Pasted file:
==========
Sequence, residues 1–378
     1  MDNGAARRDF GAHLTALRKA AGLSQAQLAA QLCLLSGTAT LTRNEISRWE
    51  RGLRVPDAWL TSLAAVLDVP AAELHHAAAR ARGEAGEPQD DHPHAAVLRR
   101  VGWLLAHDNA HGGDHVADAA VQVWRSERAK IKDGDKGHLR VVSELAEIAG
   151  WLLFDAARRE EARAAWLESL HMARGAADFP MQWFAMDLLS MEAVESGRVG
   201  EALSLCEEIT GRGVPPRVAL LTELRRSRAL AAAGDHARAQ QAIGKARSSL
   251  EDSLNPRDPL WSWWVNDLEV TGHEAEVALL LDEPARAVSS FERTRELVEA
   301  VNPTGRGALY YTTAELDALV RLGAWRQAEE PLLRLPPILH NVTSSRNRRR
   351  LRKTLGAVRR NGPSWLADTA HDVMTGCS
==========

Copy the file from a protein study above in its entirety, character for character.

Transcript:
Sequence, residues 1–378
     1  MDNGAARRDF GAHLTALRKA AGLSQAQLAA QLCLLSGTAT LTRNEISRWE
    51  RGLRVPDAWL TSLAAVLDVP AAELHHAAAR ARGEAGEPQD DHPHAAVLRR
   101  VGWLLAHDNA HGGDHVADAA VQVWRSERAK IKDGDKGHLR VVSELAEIAG
   151  WLLFDAARRE EARAAWLESL HMARGAADFP MQWFAMDLLS MEAVESGRVG
   201  EALSLCEEIT GRGVPPRVAL LTELRRSRAL AAAGDHARAQ QAIGKARSSL
   251  EDSLNPRDPL WSWWVNDLEV TGHEAEVALL LDEPARAVSS FERTRELVEA
   301  VNPTGRGALY YTTAELDALV RLGAWRQAEE PLLRLPPILH NVTSSRNRRR
   351  LRKTLGAVRR NGPSWLADTA HDVMTGCS